Vampyrer og Magia Posthuma Q&A

Niels K. Petersen, hvis navn vil være en del  bekendt fra fan- og andre sammenhænge, bliver interviewet af Anthony Hogg på hans blog Diary of an Amateur Vampirologist.

Interviewet er i to dele og handler om Niels’ arbejde med vampyrer, ikke mindst på den engelsksprogede blog Magia Posthuma:

AH: You started your blog in 2007, but your readers probably aren’t aware that you’ve been writing about vampires for a lot longer. Could you give us a background?

NKP: Well, I edited a fanzine on vampires and horror fiction when I was pretty young, so I wrote some articles on vampires that were based on books like Anthony Masters’ The Natural History of the Vampire. Later on, I was asked to write a couple of articles on similar matters, including a history of vampire cinema for a Danish magazine on horror movies to coincide with Coppola’s movie Bram Stoker’s Dracula.

But for many years I wasn’t actively doing anything related to the subject apart from perhaps watching the occasional vampire movie. I had become a father and was busy with other things. And I was still pretty disillusioned with most of the books that were published at the time. I suppose I had more or less dropped the subject.

But in 2006 I decided to compile the material I had for a book in my native language, Danish. However, when I began working on it, I started looking for extra information and for some of the books I didn’t have. I also discovered papers and a few books published in recent years, mostly in German, and thanks to the internet I was able to finally get hold of some of the books that had been almost impossible to find earlier on. […]

AH: Part of the reason for your blog’s existence, was to relay your attempts at finding a copy of de Schertz’s famous Magia Posthuma, a work very few authors have read. Where did you find your copy and why do you think other writers have struggled to find a copy of this work?

NKP: If I wasn’t seriously searching for that book, I may never have started my blog, and probably would not have attempted to launch the term “magia posthuma” as a kind of brand for the topic. Magia Posthuma is famous because of Dom Calmet who wrote about it in his Dissertation, but apparently it wasn’t widely read or even known in the 18th century, and probably never has been. Because of Calmet and those who have cribbed from him it has become a well-known title, even becoming the name of a Belgian metal band for a short period.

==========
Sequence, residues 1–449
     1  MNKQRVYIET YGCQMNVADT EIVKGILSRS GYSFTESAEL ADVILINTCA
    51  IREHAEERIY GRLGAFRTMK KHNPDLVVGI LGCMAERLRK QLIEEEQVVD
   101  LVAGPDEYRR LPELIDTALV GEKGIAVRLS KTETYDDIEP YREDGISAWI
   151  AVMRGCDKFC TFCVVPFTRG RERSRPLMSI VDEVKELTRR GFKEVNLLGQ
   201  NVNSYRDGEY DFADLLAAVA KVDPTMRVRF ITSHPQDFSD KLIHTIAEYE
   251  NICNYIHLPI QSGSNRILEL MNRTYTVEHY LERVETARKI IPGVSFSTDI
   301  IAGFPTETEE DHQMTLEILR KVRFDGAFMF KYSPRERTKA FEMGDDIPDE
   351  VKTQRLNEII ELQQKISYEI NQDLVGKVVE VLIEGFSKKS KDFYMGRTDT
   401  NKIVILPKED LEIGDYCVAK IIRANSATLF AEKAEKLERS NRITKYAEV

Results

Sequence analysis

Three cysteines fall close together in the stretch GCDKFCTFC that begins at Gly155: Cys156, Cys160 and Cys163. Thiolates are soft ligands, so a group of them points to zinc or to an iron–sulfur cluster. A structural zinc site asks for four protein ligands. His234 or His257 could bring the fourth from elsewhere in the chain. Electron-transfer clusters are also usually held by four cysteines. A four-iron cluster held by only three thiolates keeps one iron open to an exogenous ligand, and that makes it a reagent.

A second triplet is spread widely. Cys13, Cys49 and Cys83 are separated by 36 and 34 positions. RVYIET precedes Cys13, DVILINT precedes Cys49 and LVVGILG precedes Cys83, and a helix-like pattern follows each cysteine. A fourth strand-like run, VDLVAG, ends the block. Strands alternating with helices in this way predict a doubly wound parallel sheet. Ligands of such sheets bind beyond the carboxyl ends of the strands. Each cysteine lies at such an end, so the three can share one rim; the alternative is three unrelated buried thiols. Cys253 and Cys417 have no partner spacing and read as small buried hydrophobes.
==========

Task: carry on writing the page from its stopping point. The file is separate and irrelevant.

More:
I was finally able to read a copy thanks to the Royal Library in Copenhagen, but I had to help them by pointing in the direction of a copy. As far as I know now, there are two copies in the Czech Republic and one in France, the latter one probably the copy that Calmet himself read. […]

AH: Apart from finding a copy of de Schertz’s book, what would you say is your proudest achievement, so far, in your vampirological studies and aims?

NKP: I am happy to have inspired people in Vienna to arrange a conference on vampirism and to have participated. That certainly has been one of the highlights of my active interest in the subject. I also want to mention my delight in inspiring and helping various people in their studies and research. It seems that I have inspired a couple of students in their choice of thesis. I am frequently surprised at the kind of response I get from my blog. Some of the feedback I have received can be seen on the blog, but a lot of it is only communicated by e-mail.

Magia Posthuma er altså en blog om vampirismen og dens historie, eller for at sige det med dens egne ord:

On several occasions, particularly on the periphery of the Habsburg Empire during the 17th and 18th centuries, dead people were suspected of being revenants or vampires, and consequently dug up and destroyed. Contemporary authors named this phenomenon Magia Posthuma. This blog is dedicated to understanding what happened and why.

Med andre ord, et ofte spændende bekendtskab.
Link: Q & A with Niels K. Petersen, Part 1, Q & A with Niels K. Petersen, Part 2.